The 15-member U.S. Senate Select Committee on Intelligence is expected to review classified information in several areas of concern to Republicans still wavering on supporting the new Strategic Arms Reduction Treaty, The Wall Street Journal reported.
The session also will let senators try to work out differences away from public view, the newspaper said.
The meeting follows Senate Republican leader Mitch McConnell of Kentucky's promise to vote against the treaty.
"I've decided that I cannot support the treaty," McConnell told CNN's "State of the Union." "I think the verification provisions are inadequate and I do worry about the missile-defense implications of it."
U.S. Sen. Jon Kyl, R-Ariz., the assistant Republican leader, told "Fox News Sunday" the treaty needed "to be fixed" and he wouldn't vote for it unless it was amended.
U.S. President Barack Obama has rejected amendments because any changes to the treaty would force both countries to return to the negotiating table.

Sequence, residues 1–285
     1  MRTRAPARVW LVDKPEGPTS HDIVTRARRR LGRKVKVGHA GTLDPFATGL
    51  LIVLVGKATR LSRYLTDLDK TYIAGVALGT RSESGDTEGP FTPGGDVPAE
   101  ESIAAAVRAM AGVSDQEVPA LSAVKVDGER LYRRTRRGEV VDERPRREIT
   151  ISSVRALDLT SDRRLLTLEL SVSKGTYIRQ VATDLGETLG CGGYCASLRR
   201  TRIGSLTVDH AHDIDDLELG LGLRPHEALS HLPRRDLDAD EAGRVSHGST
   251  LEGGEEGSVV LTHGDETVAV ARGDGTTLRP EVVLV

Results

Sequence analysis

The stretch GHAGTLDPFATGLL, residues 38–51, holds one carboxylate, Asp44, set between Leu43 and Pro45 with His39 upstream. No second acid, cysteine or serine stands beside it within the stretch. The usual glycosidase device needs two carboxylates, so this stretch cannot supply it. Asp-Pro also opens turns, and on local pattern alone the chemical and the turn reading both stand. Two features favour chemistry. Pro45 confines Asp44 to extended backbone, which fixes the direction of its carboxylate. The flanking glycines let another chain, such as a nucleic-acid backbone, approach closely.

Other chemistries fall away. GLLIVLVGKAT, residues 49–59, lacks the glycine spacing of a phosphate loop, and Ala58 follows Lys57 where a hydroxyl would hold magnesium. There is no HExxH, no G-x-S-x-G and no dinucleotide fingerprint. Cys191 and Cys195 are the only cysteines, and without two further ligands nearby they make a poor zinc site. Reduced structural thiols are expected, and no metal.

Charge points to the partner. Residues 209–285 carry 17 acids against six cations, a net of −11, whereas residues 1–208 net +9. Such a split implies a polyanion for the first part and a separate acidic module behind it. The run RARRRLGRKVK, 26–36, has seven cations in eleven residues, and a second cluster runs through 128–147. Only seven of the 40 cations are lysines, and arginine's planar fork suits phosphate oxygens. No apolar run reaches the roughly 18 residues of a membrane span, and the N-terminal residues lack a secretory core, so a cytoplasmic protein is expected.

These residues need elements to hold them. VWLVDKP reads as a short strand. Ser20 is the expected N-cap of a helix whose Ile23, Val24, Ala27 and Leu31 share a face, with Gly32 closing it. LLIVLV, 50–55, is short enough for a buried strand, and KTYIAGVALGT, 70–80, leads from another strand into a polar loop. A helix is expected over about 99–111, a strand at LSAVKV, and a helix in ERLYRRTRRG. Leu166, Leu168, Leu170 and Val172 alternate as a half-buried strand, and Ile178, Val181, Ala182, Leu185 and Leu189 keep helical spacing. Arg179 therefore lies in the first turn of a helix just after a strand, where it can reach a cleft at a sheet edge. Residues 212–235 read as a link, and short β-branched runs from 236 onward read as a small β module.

Obama and Russian President Dmitry Medvedev signed the nuclear arms-reduction treaty, known as New START, April 8. It is a follow-up to the 1991 START I treaty, which expired in December 2009, and to START II and the 2002 Treaty of Moscow, which is due to expire in December 2012.
Some Republican opponents worry the treaty's opening section links U.S. missile defense efforts with Russian nuclear forces, which could let Moscow pull out of the pact if Washington pursues a missile-defense system in Europe, U.S. Sen. Lindsey Graham, R-S.C., said Sunday.
"I'm not going to vote for START until I hear from the Russians that they understand we can develop four stages of missile defense, and if we do, they won't withdraw from the treaty," said Graham, who previously signaled willingness to support the treaty.
The preamble is non-binding.